Arts and Entertainment

Olympic Performance Group returns ‘The Nutcracker’ to Bainbridge Island

The Olympic Performance Group will return their rendition of The Nutcracker to Bainbridge Island for their eighth annual performance Friday, Dec. 20.   - Ted Leung Photography
The Olympic Performance Group will return their rendition of The Nutcracker to Bainbridge Island for their eighth annual performance Friday, Dec. 20.
— image credit: Ted Leung Photography

There are some rituals and stories that are so much a part of the holiday season that to separate them from Christmas is all but impossible. They are everyone’s family traditions. Characters like Ebenezer Scrooge, Rudolph and the Grinch are as much a part of Christmas as are decorated trees and presents.

One other such holiday staple is the much loved story of a little girl and her very special Christmas present, a nutcracker.

This holiday season, the Olympic Performance Group will return its rendition of “The Nutcracker” to Bainbridge Island for its eighth annual performance. Directed by Bainbridge Ballet owner/lead instructor Sara Cramer, the show promises to continue the tradition of innovation that has marked the group’s previous productions.

“We do fresh choreography every year,” Cramer said. “So our theme is fresh every year.”

Past shows have given audiences surprise themes like masquerade balls and dancers from around the world.

This year, the show will use a late 1700s French motif, with the costumes and set reflecting the twist.

Also new this year is the character of a giant puppy, a costume that requires two dancers, played by Amber Powell, Oksana Sherbina and Claire Branley in teams.

“It takes some creative doing,” Cramer said of the efforts required to reinvent the classic story every year.

“We use a lot of dance forms, not just ballet. Ballet is a kind of central theme, but we also use hip hop, jazz and tap,” she said.

While the idea of a hip-hop Nutcracker might alarm ballet purists, Cramer insists the show benefits from the occasional fresh interpretation.

“I grew up doing just ballet,” she said. “But I think it makes it more interesting for the general public who may not know that much about dance anyway.”

The show features approximately 65 dancers ranging in age from 7 to adult with several hand-picked younger dancers, some as young as 5, making small appearances. The tap performances are choreographed by Kathy Dalessi, an assistant coach at Bainbridge Ballet. The production manager is Alex Ung, the school’s jazz and hip hop dance coach.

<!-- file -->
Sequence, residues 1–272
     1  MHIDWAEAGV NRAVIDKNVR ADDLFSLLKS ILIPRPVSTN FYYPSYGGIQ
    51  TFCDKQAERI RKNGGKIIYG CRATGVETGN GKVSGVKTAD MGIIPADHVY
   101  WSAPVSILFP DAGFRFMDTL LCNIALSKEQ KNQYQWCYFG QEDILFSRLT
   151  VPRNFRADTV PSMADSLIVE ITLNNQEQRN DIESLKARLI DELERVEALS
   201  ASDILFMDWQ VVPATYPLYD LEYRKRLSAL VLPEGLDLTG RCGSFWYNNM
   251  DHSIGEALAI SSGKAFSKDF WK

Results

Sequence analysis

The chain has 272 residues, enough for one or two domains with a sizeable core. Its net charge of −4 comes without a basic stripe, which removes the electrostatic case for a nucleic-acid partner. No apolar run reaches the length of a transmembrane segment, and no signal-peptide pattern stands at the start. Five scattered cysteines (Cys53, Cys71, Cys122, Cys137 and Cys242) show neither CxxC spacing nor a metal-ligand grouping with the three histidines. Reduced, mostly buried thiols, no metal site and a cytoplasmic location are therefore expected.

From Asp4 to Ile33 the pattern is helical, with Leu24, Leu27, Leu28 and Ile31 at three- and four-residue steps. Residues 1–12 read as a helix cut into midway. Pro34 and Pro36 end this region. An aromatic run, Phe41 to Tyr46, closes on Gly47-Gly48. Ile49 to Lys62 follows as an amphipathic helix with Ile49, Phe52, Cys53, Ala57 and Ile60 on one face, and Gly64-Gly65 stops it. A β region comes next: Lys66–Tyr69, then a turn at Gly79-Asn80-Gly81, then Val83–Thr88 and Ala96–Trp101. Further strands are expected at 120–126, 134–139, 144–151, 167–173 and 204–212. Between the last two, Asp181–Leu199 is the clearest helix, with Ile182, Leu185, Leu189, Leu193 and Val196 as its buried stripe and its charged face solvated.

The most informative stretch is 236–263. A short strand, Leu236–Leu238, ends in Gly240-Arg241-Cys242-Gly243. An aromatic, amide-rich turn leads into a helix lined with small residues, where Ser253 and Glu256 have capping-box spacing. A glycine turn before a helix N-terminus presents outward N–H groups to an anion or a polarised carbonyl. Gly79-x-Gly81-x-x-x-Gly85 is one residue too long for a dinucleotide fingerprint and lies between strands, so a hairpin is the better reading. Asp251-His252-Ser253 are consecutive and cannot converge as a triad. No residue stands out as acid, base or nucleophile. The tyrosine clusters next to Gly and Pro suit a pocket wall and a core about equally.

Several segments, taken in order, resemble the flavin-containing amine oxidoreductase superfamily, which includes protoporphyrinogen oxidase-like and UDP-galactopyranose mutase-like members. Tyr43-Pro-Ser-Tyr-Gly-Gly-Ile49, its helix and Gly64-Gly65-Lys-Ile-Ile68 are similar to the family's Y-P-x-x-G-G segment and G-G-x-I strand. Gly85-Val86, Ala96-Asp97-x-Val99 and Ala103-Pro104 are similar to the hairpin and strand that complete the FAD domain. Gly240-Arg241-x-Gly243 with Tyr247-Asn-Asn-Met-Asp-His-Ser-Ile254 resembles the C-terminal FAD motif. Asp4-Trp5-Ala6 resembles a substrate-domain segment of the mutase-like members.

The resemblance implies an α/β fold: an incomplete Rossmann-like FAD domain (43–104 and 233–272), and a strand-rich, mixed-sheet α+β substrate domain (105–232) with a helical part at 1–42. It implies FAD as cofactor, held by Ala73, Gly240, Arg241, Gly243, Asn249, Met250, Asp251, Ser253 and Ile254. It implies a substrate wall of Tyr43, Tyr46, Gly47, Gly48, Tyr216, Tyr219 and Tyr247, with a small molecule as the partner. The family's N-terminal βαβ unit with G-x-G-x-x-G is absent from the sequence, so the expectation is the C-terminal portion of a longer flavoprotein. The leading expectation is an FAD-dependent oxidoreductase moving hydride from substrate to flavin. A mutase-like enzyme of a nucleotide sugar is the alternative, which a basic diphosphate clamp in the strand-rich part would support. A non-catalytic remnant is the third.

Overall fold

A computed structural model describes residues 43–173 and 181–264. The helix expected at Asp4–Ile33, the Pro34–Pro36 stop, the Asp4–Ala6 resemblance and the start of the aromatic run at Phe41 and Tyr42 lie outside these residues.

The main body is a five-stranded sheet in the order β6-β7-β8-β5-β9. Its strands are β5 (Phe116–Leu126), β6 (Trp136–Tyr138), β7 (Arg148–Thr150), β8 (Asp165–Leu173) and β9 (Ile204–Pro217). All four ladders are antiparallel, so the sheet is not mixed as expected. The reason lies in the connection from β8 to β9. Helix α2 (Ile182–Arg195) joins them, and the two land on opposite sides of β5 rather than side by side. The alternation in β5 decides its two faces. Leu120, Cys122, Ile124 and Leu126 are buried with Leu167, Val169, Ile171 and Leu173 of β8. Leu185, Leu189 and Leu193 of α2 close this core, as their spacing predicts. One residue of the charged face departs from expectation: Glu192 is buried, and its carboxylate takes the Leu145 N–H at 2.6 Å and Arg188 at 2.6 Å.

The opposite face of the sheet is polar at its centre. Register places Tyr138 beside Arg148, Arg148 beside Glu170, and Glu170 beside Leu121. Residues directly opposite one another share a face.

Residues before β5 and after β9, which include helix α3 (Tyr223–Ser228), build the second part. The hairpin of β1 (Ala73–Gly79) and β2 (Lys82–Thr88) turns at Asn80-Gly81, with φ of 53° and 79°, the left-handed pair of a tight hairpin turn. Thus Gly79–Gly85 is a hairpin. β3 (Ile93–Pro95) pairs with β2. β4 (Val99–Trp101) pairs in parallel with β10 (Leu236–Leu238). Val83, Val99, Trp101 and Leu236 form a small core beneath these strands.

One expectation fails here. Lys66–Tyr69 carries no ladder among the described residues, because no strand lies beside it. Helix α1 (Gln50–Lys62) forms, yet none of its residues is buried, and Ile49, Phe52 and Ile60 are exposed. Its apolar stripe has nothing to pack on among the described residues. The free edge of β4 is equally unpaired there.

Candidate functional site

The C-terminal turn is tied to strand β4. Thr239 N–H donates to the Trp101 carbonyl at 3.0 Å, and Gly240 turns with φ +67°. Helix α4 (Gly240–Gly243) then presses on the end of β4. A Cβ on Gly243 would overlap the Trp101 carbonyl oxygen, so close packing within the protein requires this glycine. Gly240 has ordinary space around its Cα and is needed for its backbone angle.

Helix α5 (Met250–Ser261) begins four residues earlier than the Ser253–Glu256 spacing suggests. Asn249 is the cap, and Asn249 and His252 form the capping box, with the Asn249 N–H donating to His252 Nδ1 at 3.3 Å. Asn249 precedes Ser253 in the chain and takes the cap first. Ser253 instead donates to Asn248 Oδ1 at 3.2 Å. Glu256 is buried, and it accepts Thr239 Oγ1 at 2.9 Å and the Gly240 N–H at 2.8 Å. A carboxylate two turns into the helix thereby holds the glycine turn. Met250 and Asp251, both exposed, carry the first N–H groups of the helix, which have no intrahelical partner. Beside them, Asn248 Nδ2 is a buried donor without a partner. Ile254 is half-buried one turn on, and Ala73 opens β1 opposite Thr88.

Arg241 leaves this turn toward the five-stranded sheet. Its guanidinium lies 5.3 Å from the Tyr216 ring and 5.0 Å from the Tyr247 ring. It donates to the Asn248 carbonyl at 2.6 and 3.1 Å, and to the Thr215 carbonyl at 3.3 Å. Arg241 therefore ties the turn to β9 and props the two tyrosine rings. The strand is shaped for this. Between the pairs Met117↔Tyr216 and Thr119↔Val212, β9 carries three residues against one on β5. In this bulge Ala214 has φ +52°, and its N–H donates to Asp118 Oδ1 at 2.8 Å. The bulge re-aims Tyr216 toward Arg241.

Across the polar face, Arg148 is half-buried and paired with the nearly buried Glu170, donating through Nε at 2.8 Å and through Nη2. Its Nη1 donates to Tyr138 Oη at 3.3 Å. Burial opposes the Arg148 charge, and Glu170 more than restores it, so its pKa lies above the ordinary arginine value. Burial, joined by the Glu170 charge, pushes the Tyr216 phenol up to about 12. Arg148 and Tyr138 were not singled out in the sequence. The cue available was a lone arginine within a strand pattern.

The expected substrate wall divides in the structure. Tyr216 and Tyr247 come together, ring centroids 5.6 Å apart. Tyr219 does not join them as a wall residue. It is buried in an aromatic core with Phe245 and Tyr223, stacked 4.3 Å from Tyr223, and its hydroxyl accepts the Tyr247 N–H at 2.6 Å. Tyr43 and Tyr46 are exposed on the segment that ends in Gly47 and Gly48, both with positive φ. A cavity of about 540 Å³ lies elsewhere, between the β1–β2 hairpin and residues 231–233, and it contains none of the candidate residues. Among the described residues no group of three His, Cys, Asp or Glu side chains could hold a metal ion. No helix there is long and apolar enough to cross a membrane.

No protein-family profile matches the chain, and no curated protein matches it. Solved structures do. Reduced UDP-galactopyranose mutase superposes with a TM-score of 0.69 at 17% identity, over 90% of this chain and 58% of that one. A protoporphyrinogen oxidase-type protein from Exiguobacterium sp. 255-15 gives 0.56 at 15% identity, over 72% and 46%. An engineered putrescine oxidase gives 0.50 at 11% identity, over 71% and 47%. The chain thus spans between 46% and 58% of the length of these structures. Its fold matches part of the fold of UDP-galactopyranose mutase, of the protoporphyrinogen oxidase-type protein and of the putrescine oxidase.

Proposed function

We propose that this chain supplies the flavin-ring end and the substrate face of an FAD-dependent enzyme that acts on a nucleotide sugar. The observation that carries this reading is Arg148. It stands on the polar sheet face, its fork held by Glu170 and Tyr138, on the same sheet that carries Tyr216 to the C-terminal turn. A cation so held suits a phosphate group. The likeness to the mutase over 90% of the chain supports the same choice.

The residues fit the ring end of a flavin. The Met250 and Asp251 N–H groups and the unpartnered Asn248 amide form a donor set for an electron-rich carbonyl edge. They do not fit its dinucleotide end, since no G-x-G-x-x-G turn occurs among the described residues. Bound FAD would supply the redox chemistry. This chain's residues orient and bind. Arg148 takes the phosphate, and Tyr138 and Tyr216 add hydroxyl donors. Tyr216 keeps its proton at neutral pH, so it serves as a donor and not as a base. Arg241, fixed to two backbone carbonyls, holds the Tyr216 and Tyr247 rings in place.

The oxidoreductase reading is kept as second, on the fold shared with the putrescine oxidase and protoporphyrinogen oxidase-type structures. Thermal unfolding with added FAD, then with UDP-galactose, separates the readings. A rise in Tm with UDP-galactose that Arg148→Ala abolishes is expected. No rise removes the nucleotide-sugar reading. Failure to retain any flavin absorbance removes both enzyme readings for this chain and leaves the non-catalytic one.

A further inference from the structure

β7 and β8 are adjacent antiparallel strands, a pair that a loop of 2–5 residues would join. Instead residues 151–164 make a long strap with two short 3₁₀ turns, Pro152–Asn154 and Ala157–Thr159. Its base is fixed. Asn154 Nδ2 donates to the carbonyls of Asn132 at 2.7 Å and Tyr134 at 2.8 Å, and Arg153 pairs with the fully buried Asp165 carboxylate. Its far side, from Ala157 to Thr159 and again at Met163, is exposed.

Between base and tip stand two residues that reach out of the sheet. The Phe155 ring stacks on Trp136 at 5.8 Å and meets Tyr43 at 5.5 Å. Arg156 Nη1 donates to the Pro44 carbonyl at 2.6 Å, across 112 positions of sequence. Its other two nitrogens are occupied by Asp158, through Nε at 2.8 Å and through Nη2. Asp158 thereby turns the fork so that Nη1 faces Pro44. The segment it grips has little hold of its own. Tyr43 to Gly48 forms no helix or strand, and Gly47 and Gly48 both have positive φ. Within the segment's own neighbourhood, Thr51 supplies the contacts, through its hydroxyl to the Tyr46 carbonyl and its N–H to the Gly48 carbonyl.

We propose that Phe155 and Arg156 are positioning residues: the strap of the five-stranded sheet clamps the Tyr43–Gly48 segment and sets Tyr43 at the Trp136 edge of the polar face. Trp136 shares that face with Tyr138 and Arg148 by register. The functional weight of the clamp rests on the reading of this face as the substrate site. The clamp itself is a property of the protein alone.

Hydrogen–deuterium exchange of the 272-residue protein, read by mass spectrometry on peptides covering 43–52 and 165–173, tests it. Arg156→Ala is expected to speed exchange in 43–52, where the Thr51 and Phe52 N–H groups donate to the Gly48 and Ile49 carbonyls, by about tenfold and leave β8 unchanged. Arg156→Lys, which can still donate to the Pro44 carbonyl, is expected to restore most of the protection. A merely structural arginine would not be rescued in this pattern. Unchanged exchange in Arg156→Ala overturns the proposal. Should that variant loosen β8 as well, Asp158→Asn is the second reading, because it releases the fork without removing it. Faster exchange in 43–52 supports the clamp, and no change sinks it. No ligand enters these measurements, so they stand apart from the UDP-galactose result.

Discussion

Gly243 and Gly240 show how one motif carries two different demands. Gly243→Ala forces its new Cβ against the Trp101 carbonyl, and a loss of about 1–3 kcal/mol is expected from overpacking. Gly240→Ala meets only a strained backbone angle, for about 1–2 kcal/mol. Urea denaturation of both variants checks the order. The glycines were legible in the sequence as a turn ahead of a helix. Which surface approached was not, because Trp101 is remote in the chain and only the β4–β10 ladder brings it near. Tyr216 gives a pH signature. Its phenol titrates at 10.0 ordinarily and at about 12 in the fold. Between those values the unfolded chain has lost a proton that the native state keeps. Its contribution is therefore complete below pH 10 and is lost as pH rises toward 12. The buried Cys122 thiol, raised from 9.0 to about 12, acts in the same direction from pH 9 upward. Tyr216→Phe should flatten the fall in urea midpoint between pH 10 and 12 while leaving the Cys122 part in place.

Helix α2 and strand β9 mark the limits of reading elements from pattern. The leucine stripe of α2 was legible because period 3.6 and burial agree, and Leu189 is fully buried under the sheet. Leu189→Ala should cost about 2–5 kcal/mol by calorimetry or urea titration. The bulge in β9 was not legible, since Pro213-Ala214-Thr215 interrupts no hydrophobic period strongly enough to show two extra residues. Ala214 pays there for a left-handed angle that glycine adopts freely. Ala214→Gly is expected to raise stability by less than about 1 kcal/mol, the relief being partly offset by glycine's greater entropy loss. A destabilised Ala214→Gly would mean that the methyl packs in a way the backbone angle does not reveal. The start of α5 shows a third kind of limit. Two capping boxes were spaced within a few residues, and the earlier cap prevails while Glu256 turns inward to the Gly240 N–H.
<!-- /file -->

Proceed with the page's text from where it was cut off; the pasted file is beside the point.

Considering the popularity of the show today, it may surprise some to learn that “The Nutcracker” was not an initial success.

The ballet was adapted by Alexandre Dumas Père from a story by E.T.A. Hoffmann, and first set to music by the composer Pyotr Ilyich Tchaikovsky. Originally premiered in December 1892 at the Imperial Mariinsky Theatre in St. Petersburg, Russia, the music of the eight most popular pieces (known today as the Nutcracker Suite) was very well received, but the ballet itself did not become popular until it came west in the early 1940s.

Today “The Nutcracker” is probably the best-known ballet in America, aside from possibly “Swan Lake,” said Cramer.

Kate Houmes, who plays the lead of Clara St. Laurent in this year’s show, said most people probably don’t appreciate how difficult ballet actually is.

“We have to make it look really easy,” she said. “But it’s actually really hard.”

Physical trials aside, Houmes said she loves ballet for many reasons.

“It’s really fun and you get to be around all of your friends while doing something you love,” she said. “And it’s another way to exercise.”

The cast also includes Scott Cole as Mr. St. Laurent and the mysterious Drosselmeyer, Brent Kehoe as the titular Nutcracker, Maddie Cole as the Sugar Plum Fairy and Sarah Dalessi as the evil Rat Queen.

For those who may be reticent to attend a ballet, possibly suffering from a boring school field trip flashback, Cramer advised giving the show another chance.

“I love the comments from dads and grandfathers,” she said. “Because they’ll come up to be and say, ‘I didn’t want to come, but this was really good. I would come again.’ And that means a lot.”

Despite the myriad of Nutcracker productions at this time of year, Cramer is confident that the continual reinvention of the show is what brings the audience back.

“I’ve also had a couple who had season tickets to the Pacific Northwest Ballet for many, many years, and they loved our production every bit as much,” she said.

“I think that’s probably one of the appeals,” Cramer added. “We do change things up a little bit. Each year is a little different. So even if you’ve seen it last year, you may see something that you didn’t see last year.”

The Nutcracker will play for six performances at The Island School (8553 NE Day Road) with shows at 7 p.m. Friday, Dec. 20 to Monday, Dec. 23, and additional matinees at 2 p.m. Saturday, Dec. 21 and Monday, Dec. 23.

Tickets are $23 for adults and $20 for students and seniors. They can be purchased online at or in person at Winslow Drugs and Bainbridge Ballet.

Olympic Performance Group is a nonprofit organization formed with the purpose of increasing dance appreciation, education, and providing semi-professional productions for the local community in the form of stage productions, workshops and summer programs in Poulsbo, Seattle and Bainbridge Island.

Bainbridge Ballet has been offering dance classes for students ages three and up since it first opened in 2002. Classes range in difficulty and dance style, including ballet, jazz, lyrical, modern, hip hop and tap.

For more information visit, call 206-842-1205, email or visit the studio at 9720 Coppertop Loop Suite 201 (above Metro Market).



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